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Vol. 109. Issue 5.
Pages 424-431 (June 2018)
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Vol. 109. Issue 5.
Pages 424-431 (June 2018)
Original Article
DOI: 10.1016/j.adengl.2018.04.013
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Validation of a Cross-cultural Adaptation of the Hair Specific Skindex-29 Scale to Spanish
Validación de una adaptación transcultural al idioma español de la escala Hair Specific Skindex-29
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A. Guerra-Tapiaa,
Corresponding author
aurora@auroraguerra.com

Corresponding author.
, A. Buendía-Eismanb, J. Ferrandoc, on behalf of the Hair Specific Skindex-29 validation group 1
a Servicio de Dermatología, Hospital Universitario 12 de Octubre, Madrid, Facultad de Medicina, Universidad Complutense, Madrid, España
b Facultad de Medicina, Universidad de Granada, Granada, España
c Servicio de Dermatología, Hospital Clínico, Barcelona, Facultad de Medicina, Universidad de Barcelona, Barcelona, España
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Figures (2)
Tables (5)
Table 1. Items on the Hair Specific Skindex-29 Scale.
Table 2. Grade of Alopecia According to the Ebling/Sinclair Scale (Cases).
Table 3. Difference in Scores Between Cases and Controls in the Spanish Version of the Hair Specific Skindex-29 Questionnaire.
Table 4. Results for the Score on the Hair Specific Skindex-29 Questionnaire by Age Group (Cases Only).
Table 5. Matrix of Varimax-Rotated Components in the Factor Model of the Hair Specific Skindex-29 (Cases Only).
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Abstract
Background and objective

Female androgenetic alopecia (FAA) has considerable impact on quality of life. Our analysis of the clinical scales available in the literature to measure the impact of FAA led us to choose the Hair Specific Skindex 29 (HSS29) as the most appropriate for adaptation to Spanish as a tool for following patients in treatment for FAA. This tool assesses disease impact on quality of life over time so that treatments can be tailored to patients’ needs. The HSS29 score reflects impact in 3 domains (emotions, symptoms, and functioning) on a scale of 0 (no effect) to 100 (maximum effect). The scale is useful in routine clinical practice, and patients can respond to all items in 5minutes.

Materials and methods

We followed recommended procedures to produce a cross-cultural adaptation of the scale. The process involved forward translation of the questionnaire to Spanish followed by back translation by 2 native speakers of the original language (English) and revision as needed after discussion and consensus by a committee of 3 expert dermatologists. The comprehensibility of the resulting translation was assessed in a test–retest step. Next, the psychometric properties, reliability, and construct validity were assessed. Sensitivity and specificity were evaluated with the area under the receiver operating characteristic (ROC) curve, reliability with Cronbach's α, and construct validity by factor analysis using a Varimax rotation. Face validity was also assessed during the process. The intraclass correlation coefficient (ICC) was calculated in the test–retest step.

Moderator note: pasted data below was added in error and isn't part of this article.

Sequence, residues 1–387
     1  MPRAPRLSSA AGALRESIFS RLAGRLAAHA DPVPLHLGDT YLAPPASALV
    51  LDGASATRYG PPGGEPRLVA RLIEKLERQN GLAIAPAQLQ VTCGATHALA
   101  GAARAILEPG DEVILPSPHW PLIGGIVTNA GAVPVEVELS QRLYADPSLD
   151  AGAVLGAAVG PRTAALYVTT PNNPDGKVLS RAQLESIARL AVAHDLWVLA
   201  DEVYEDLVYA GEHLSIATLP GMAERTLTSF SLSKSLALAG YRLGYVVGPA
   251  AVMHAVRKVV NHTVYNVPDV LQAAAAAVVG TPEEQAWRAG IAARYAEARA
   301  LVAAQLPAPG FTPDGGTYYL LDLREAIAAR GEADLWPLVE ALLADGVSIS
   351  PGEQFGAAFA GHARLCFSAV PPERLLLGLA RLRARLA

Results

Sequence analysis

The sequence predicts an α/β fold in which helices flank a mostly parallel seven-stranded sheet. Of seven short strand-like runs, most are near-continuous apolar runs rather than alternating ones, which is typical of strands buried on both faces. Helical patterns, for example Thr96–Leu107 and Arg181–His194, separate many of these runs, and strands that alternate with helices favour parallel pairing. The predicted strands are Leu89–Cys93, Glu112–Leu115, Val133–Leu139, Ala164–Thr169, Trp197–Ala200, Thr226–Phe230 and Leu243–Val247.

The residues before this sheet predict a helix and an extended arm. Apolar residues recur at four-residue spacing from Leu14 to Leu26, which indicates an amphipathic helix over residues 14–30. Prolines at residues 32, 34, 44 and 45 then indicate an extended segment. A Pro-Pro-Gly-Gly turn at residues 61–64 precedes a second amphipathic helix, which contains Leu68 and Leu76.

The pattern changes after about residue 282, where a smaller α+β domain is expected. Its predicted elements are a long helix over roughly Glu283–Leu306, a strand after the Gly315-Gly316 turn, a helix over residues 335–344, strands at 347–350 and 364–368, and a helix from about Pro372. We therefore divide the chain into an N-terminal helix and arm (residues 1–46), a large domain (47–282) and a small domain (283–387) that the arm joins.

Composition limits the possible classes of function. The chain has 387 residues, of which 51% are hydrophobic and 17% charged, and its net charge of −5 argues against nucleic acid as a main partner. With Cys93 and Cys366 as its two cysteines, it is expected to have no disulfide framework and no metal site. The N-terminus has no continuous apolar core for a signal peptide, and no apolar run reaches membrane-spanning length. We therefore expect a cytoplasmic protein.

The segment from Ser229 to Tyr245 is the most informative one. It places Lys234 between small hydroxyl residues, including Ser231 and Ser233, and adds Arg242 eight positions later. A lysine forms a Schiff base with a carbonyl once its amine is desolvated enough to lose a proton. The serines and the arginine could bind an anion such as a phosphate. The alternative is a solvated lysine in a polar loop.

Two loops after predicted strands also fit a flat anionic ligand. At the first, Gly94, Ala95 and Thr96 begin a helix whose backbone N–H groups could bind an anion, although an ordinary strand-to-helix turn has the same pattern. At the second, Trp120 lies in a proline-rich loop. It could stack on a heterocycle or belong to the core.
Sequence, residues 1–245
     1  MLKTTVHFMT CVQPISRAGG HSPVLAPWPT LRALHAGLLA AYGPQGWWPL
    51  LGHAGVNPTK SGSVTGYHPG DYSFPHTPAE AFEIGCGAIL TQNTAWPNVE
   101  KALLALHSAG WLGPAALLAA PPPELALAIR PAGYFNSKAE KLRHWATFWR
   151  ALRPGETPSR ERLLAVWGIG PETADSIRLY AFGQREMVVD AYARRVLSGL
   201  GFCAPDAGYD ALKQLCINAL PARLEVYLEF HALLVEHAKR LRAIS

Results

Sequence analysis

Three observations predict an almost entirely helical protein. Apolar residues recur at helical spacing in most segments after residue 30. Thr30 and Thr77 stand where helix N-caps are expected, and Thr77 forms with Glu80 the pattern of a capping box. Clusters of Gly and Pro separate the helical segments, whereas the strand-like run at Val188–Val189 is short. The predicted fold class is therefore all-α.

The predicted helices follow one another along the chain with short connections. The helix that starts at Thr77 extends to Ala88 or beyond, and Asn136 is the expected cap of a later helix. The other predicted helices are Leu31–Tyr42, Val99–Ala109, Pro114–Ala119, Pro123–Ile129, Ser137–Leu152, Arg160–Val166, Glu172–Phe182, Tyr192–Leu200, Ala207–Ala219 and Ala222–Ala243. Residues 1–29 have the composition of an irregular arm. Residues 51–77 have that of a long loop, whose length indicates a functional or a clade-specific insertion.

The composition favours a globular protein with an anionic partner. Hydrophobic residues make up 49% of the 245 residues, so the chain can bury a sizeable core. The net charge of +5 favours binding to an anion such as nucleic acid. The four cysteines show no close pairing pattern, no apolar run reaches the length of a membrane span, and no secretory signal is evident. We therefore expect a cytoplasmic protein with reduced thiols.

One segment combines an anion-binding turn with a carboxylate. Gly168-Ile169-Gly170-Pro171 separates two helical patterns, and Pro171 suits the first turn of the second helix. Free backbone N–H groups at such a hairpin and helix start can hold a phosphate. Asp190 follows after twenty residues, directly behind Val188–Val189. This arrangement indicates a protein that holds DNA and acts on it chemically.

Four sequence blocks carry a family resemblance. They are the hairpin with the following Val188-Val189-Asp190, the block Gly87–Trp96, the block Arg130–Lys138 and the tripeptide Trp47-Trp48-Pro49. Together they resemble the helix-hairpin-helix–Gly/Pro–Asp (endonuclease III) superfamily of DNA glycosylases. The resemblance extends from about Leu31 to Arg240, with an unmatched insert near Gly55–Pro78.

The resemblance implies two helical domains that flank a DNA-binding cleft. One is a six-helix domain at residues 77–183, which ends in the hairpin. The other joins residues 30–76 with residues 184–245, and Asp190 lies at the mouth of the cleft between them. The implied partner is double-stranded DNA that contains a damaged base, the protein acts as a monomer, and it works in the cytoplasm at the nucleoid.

Results

A total of 170 women with FAA and 30 control subjects completed the cross-culturally adapted Spanish questionnaire. A subgroup of 15 subjects responded a second time between 1 and 2 days after their first session (test–retest). Sensitivity and specificity were excellent according to the area under the ROC curve (0.98; 95% CI, 0.97–0.99), and high reliability was reflected by a Cronbach's α of 0.96. Factor analysis showed that the items were grouped in the same 3 domains (functioning, emotions, and symptoms) as in the original version of the scale. There were no significant differences in the mean (SD) scores on the test and the retest (23.05 [16.42] vs 22.01 [17.72], respectively). The ICC of over 0.9 indicated excellent correlation between responses to the adapted Spanish version.

Conclusions

The psychometric properties of the Spanish version of the HSS29 are similar to those of the original scale. The Spanish HSS29 is a useful tool for assessing quality of life in FAA.

Keywords:
Quality of life
Female androgenetic alopecia
Scales
Questionnaires
Validation and cross-cultural adaptation
Emotions
Functioning
Symptoms
Resumen
Introducción y objetivo

La alopecia femenina tiene un impacto importante sobre la calidad de vida. Analizadas las escalas publicadas para medir este impacto, hemos considerado que la escala Hair Specific Skindex 29 (HSS29) es la más adecuada para el objetivo del proyecto: obtener una herramienta en español para el seguimiento en el tratamiento de la alopecia androgenética femenina, que permita medir la evolución del impacto en la calidad de vida y adaptar e individualizar el tratamiento a las necesidades de la mujer. La escala HSS29 puntúa entre 0 (nula afectación) y 100 (total afectación) y discrimina 3dominios (emociones, síntomas y función), siendo una escala útil en la práctica clínica diaria, autocumplimentada en menos de 5 min.